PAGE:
Fingertips lightly touching the ground

//Fingertips lightly touching the ground

Fingertips lightly touching the ground

Tonight, I’m ready to shut it all down and go to bed. The day was busy with the rigors of parenting, the grind of household duties. No time for « I »!
So after the last dishes are finally done, the night is quiet, I sit down, put the words here. Whatever words come. I know they will, although I don’t know what.
I’m thinking as ever about what this « practice » is, who does it and how, when and where. Why do I do it? What do I do?
People ask about it, the question comes up in study groups and more casual talk. Every time, I have a different reply, although I feel I always say the same thing.
It’s actually quite simple. This « Zen meditation » is really just taking a seat in the middle of whatever is going on, in the middle of the moment. Face to face with you.
In one of the classic images, the Buddha is sitting cross-legged, left hand resting palm-up in his lap, right hand hanging down, fingertips lightly touching the ground. This « earth-touching mudra » says it all, perfectly: Everything we need is here, this very seat is the ground of awakening.
It has nothing to do with Buddhism, Zen, robes, ceremonies, rituals, the color of your clothing or the cut of your hair, a title, position, attainment.
It has everything to do with just sitting down. With whatever comes. In the middle of your life. Fingertips lightly touching the ground. Or the dishwater.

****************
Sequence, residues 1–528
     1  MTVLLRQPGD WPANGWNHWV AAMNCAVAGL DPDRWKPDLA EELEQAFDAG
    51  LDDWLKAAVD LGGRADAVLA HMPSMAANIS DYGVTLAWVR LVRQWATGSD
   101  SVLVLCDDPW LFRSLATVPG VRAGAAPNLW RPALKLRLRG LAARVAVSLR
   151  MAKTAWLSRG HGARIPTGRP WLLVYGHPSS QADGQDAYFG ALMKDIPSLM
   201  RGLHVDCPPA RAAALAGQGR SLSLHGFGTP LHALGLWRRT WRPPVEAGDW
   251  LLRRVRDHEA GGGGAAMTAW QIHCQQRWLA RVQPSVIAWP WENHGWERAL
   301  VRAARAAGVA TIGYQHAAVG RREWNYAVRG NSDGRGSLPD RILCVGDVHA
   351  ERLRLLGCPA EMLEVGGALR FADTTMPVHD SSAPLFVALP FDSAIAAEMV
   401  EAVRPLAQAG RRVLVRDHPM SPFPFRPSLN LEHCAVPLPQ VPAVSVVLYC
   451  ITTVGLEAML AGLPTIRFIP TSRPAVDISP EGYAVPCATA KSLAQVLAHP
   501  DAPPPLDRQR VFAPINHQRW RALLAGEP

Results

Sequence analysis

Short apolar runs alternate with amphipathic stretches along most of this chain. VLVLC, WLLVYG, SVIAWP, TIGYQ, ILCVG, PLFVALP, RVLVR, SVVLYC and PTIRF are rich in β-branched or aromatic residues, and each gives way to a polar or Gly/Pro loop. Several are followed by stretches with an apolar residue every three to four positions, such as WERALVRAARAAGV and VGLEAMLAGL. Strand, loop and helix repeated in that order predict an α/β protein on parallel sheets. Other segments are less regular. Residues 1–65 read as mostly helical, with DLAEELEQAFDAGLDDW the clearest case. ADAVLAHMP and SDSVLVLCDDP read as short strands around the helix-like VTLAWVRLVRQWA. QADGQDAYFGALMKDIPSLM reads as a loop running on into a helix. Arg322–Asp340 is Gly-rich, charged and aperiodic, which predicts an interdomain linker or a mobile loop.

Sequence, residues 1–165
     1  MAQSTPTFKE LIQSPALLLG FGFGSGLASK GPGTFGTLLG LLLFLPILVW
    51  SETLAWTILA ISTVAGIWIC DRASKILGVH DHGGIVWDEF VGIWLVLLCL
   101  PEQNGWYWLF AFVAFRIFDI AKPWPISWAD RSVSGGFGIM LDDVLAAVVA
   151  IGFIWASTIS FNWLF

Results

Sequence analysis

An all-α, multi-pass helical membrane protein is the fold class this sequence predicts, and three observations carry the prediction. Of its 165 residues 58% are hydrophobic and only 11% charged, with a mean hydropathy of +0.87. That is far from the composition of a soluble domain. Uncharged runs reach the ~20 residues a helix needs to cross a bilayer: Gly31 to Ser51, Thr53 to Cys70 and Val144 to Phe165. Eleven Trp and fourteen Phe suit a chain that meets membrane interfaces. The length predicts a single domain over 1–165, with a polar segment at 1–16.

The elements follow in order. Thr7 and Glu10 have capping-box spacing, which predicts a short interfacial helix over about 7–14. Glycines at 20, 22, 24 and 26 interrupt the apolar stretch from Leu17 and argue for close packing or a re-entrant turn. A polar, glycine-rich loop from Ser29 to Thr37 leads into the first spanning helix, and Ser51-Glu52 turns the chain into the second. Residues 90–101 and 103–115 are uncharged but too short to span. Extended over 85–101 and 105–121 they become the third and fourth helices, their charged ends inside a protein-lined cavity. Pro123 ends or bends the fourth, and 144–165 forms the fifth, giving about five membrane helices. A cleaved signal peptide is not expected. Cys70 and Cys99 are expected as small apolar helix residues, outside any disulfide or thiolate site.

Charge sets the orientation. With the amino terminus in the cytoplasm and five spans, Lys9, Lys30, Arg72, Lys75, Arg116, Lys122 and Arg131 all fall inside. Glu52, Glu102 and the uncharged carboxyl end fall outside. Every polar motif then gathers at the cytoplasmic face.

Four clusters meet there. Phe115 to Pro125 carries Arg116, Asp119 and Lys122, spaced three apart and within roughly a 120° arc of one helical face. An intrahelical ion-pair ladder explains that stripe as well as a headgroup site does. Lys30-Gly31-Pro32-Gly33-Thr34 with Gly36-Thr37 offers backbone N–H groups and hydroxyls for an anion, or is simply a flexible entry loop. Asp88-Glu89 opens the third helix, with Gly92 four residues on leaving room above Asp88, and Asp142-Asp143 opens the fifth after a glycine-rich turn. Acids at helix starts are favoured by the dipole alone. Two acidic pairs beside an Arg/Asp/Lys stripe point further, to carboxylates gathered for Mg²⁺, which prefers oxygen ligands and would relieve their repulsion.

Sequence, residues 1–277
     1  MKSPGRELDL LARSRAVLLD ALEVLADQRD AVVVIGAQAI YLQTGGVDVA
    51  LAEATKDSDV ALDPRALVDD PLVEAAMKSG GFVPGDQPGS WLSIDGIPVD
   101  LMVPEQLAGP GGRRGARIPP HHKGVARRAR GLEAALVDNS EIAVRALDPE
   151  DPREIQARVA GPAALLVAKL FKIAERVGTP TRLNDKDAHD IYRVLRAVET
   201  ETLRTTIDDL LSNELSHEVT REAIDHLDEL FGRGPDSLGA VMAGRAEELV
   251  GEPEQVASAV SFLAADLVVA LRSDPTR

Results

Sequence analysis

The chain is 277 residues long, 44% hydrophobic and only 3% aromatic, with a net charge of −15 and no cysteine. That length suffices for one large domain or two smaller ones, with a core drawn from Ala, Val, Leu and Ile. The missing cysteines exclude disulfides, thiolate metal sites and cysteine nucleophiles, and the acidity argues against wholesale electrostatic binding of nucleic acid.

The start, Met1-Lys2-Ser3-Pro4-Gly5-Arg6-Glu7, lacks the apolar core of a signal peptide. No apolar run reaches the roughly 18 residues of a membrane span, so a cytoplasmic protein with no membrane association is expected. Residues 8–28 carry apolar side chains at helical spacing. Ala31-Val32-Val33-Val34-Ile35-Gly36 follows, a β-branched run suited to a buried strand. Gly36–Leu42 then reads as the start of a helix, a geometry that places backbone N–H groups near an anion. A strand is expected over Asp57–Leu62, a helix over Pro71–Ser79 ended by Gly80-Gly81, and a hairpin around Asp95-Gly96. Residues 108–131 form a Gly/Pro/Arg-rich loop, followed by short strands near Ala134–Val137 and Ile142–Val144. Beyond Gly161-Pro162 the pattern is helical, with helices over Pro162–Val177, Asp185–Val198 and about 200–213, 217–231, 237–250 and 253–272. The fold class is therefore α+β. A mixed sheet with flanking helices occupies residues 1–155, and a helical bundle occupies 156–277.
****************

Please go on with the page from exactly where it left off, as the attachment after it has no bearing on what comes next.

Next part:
By | 2017-04-04T06:58:19+01:00 octobre 16th, 2010|La pratique Zen|4 Comments

About the Author:

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Enseignante Zen et poète, Sensei Amy “Tu es cela” Hollowell est née et a grandi à Minneapolis, aux Etats-Unis. Arrivée en France en 1981 pour étudier la littérature et l’histoire, elle y est restée, s’installant à Paris, où elle élève ses deux enfants et gagne sa vie en tant que journaliste. The Zen teacher and poet Amy “Tu es cela” Hollowell Sensei was born and raised in Minneapolis, but came to France in 1981 to study literature and history and has lived in Paris ever since, raising her two children and making a living as a journalist.

4 Comments

  1. uhren fake 23 juillet 2013 at 3 h 37 min - Reply
  2. Juan 20 octobre 2010 at 10 h 25 min - Reply

    And the wheel keeps turning, tound and round

  3. Tu es cela 18 octobre 2010 at 23 h 04 min - Reply

    Thanks to you, too, Tiago.

  4. Tiago 18 octobre 2010 at 22 h 21 min - Reply

    "Fingertips lightly touching the ground. Or the dishwater."

    Inspiring as always. Thanks 🙂

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